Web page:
2007 Lexus RX350

2007 Lexus RX350

recently drove both the Lexus RX350 and the Lexus RX400h. Our editor and our West Coast contributor
Scott Corlett discuss:

Have coffee, let’s tawk. Today’s
topic, the Lexus RX350 and RX400h.
What are these, SUVs? Crossovers? Or simply luxury wagons with a more acceptable

Scott Corlett:
The Lexus RX was one of the early entrants in the midsize SUV segment and one
of the first to be based on a car platform.
The term Crossover wasn’t used then but the RX is one of the vehicles
that started it all. For the sake of
this discussion, let’s coin a new term "Luxover"
or Luxury Crossover.

2007 Lexus RX350

Luxover it is!
So who did Lexus have in mind when they designed their Luxover?

Scott Corlett: Initially,
during the pre-9/11, go-go days of cheap oil the RX’s
appeal was limited to soccer moms who craved the quiet elegance and reliability
of a Lexus to transport their broods—without the hassle of having to park a
semi-trailer-sized hauler.

Exactly. But now, with the price of a gallon of gasoline regularly pushing
north of three bucks, the story is different. Dealers’ lots are clogged with giganto SUVs, while crossovers and sedans are gaining in

Scott Corlett: Which brings us back to the
Lexus RX.
The RX, on its car-based platform, handles, well, like a car,
not a truck. With the RX, you get the handling of a car coupled with the
command-position seating of an SUV—not to mention the room for hauling kiddies,
doggies and goodies.

2007 Lexus RX350

Add to that all the luxury goodies you’d expect in a Lexus and you have a …Luxover! Do you
think if I say it enough, it’ll stick?

Scott Corlett: You’re the boss. A bit crazy, but you are in charge.

So, you think the Lexus RX has broadened its appeal? The new design is still,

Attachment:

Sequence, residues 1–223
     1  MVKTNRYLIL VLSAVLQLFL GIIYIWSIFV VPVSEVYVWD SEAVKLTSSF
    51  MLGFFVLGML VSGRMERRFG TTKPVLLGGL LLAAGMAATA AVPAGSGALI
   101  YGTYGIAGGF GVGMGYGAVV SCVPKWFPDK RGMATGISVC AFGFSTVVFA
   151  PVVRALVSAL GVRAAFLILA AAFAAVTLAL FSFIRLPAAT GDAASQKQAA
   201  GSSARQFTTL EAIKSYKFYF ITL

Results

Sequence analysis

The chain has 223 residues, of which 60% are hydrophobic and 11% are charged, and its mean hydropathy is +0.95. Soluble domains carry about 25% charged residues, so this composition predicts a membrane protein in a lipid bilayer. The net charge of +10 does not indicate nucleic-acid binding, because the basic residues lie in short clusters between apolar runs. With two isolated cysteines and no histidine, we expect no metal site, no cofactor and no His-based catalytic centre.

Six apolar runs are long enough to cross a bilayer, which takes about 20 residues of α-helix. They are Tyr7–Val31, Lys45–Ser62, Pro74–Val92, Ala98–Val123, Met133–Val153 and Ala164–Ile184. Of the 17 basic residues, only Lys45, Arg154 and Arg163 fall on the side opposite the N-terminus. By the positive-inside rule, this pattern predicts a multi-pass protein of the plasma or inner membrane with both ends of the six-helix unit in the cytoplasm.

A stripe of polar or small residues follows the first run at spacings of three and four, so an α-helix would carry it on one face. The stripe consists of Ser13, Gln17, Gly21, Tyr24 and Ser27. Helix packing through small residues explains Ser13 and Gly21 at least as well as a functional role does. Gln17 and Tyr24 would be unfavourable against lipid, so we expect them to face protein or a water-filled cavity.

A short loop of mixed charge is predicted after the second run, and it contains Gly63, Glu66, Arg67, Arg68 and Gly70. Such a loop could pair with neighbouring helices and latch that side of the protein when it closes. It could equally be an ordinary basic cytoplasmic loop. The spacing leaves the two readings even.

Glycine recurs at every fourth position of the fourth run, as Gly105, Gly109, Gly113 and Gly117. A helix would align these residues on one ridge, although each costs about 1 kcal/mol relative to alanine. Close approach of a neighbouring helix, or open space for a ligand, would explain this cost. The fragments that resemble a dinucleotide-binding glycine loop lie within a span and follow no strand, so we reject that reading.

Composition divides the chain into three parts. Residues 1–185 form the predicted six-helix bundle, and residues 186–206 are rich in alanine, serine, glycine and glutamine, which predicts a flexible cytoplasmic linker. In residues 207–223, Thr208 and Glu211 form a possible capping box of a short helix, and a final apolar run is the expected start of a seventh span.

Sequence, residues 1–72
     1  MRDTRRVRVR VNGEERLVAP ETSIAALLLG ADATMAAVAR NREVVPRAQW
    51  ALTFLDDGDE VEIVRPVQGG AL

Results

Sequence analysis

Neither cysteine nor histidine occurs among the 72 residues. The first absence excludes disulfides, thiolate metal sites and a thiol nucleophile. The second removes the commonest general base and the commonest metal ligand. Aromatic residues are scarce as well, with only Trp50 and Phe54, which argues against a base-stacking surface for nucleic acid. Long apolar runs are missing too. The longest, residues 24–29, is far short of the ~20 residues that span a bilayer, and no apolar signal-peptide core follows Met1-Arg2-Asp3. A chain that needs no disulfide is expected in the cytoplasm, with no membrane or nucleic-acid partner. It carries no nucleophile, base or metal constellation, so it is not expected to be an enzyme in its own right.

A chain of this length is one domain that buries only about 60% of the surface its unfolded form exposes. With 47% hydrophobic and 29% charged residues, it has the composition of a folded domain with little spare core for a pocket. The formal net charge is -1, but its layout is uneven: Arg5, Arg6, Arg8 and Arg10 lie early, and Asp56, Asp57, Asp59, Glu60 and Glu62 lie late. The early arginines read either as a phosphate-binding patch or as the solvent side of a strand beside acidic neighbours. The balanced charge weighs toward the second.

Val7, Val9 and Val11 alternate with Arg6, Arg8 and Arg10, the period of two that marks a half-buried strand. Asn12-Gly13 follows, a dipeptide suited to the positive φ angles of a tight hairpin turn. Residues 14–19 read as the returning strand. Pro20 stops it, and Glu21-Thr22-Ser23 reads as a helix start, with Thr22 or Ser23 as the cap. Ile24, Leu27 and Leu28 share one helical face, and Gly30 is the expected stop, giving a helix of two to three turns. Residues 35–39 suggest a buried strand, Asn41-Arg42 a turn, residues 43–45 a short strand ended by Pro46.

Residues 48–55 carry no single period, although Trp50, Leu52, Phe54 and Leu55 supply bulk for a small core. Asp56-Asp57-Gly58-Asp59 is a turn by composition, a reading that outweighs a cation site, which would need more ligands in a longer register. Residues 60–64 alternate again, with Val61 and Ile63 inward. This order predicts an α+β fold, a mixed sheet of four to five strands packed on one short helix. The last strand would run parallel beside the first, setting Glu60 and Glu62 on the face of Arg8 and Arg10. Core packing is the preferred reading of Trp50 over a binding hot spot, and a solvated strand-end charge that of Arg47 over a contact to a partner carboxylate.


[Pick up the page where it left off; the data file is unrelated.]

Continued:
well not exactly butch.

Scott Corlett: I think the RX still skews more feminine; but, in the right color, it can have a masculine edge. The car-like driving dynamics, better mileage and hybrid option certainly make the RX more attractive to people who previously may have considered a larger SUV.

2007 Lexus RX350

Ok, we’ve established that the Lexus RX is not too big, not too small, but just
the right size. The question is—and I think I already know the answer—how does
the RX stack up against the competition?

Scott Corlett:
Uh, hello, it’s a LEXUS. As with every other Lexus model, the primary mandate of the RX is
to shelter its occupants from intrusions from the outside world—whether from
noise, untoward road conditions, stress, or whatever.
The cabin of the
RX is a snug cocoon of leather and wood and high-tech finishes.

Gaywheels.com: Yeah,
those ten-way seats are great aren’t they?

Scott Corlett:
Firm, well-bolstered, heat up quickly … if only I could find a date like that!

Right? I can see the online profile now, ISO leather-clad—

Scott Corlett:
Ahem, my grandmother will be reading this.

Gaywheels.com: Sigh.
OK, back to the RX. The interior is great. All the controls were well placed
and easy to operate. Simple. None of the overwrought, über-complex interfaces of vehicles from … well, let’s just
say über is the right word.

Scott Corlett:
Too true. Another great thing about the RX is the versatile cargo space. Fold
the rear seats down and you have plenty of room for a couple of bikes or a
stack of IKEA cartoons. Seats up and you have space for four six-footers and